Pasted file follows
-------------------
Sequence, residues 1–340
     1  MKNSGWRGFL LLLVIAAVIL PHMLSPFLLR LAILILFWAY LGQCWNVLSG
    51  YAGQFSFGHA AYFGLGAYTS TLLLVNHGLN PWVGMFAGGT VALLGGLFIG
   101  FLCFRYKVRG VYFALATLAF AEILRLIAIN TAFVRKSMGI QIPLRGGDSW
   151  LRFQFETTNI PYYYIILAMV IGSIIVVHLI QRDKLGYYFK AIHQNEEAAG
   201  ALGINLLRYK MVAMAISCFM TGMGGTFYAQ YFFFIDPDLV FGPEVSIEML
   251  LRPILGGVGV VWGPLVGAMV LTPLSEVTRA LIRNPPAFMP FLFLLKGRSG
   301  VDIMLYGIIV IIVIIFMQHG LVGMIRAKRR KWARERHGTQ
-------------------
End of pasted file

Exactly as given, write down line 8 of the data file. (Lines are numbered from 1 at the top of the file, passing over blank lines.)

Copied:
   301  VDIMLYGIIV IIVIIFMQHG LVGMIRAKRR KWARERHGTQ